Right off the bat, we’re shown just how spirited Lily is as she runs circles around her chauvinist colleagues to steal an item that’s crucial to locating the flower, which is said to be hidden away in the jungles of the Amazon. During her theft, she pisses off German Prince Joachim (“Game Night” co-star Jesse Plemons, plays the films villain in a Christoph Waltz Hans Landa-esque fashion). He hopes to use the power of the petal to aid in Hitler’s rise to power. While in South America, she is repeatedly conned and swindled by Dwayne Johnson’s Frank Wolff, a hulking riverboat captain who scams naive tourists with “dangerous” boat rides.

But of course she needs Frank’s help to find the flower and he’ll do anything for money, so he doesn’t hesitate to be her guide. Movies like this relies heavily on not just the action and visual effects, but it’s chemistry between it’s two leads. Both Blunt and Johnson are so great together, the two stars crackles with energy in their back and forth banter in their efforts to outwit one another. Frank even gives Lily an endearing nickname: “Pants”, because of her liberal fashion sense. The two ooze romantic chemistry, with each jab at each other filled with pent-up sexual energy.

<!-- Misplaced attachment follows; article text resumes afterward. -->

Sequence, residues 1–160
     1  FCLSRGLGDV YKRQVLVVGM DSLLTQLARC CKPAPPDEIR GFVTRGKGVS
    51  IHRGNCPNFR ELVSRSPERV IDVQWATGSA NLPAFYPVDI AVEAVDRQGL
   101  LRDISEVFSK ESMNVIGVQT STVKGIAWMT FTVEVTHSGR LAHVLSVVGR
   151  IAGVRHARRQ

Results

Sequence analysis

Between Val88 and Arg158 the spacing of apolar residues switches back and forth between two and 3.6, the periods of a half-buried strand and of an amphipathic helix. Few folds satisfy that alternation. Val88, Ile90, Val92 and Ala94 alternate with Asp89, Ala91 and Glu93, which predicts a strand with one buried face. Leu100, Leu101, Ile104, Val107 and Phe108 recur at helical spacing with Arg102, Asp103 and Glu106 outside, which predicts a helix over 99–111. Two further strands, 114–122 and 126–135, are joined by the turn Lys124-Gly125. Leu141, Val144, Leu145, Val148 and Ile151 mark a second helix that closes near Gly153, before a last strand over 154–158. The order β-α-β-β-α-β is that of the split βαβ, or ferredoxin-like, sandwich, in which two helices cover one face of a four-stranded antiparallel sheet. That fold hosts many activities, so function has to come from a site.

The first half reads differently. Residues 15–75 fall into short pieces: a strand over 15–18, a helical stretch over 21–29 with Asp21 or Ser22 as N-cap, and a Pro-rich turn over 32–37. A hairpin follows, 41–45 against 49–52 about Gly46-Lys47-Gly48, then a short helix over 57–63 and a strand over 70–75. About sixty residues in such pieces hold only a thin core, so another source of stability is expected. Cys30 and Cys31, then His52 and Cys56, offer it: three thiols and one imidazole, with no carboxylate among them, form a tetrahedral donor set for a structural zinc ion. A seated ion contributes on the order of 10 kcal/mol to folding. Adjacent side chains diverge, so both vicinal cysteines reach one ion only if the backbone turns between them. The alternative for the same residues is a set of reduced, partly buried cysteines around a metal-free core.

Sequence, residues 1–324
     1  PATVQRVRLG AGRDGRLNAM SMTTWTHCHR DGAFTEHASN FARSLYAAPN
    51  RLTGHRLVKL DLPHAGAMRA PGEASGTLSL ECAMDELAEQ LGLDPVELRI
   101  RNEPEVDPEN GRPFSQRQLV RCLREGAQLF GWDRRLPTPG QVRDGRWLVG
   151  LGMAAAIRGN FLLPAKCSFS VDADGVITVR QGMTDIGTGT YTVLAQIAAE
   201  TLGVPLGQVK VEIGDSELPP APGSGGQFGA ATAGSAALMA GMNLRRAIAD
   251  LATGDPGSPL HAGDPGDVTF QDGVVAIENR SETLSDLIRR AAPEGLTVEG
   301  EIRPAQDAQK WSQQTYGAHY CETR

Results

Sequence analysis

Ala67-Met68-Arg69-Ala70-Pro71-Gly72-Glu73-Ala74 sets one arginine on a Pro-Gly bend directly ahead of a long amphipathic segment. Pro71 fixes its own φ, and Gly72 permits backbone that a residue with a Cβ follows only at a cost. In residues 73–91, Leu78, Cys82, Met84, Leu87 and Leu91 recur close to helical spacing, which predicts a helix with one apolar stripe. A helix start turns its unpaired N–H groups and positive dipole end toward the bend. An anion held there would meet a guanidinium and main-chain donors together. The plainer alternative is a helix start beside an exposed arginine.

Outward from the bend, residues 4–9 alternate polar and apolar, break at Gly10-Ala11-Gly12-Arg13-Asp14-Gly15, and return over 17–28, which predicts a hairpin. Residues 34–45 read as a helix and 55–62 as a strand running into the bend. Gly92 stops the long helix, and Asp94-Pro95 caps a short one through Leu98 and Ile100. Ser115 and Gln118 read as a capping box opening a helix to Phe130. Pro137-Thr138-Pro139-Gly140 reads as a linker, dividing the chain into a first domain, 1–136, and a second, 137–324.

Johnson’s oversized personality that we see day after day on his social media, is right at home in “Jungle Cruise”. But that brings me to one of the films biggest problems. I wish that Dwayne Johnson would be a little more willing to stretch his big screen image, because at this point his roles have become all too similar and we’re just watching Dwayne Johnson play Dwayne Johnson in dress up. In fact he feels wrong for the role of Frank the skipper. 

With each new role Emily Blunt takes on, she reminds us why she is one of this generations best actresses. I loved her since her breakout in 2006’s “The Devil Wears Prada”, but I just love her more and more with each role. Blunt is obviously beautiful, stunning and charming, but she is never subjected to playing the damsel in distress. Blunt just throws herself into every moment with an infectious presence. She seems to be having the most fun and it comes across in her performance. 

Jack Whitehall, is essentially the films comedic relief and gets the films big heart to heart moment when he reveals his love for another man (making him Disney’s first major openly gay character). Veteran actor Paul Giamatti has a fun, but small role as the lavishly accented Nilo Nemolato. Edgar Ramirez plays one of the films baddies, as a 400 year-old conquistador and monster hybrid. It would have been the perfect vehicle for Javier Bardem if he hadn’t already played the almost same exact character in “Pirates Of The Caribbean: Dead Men Tell No Tales”.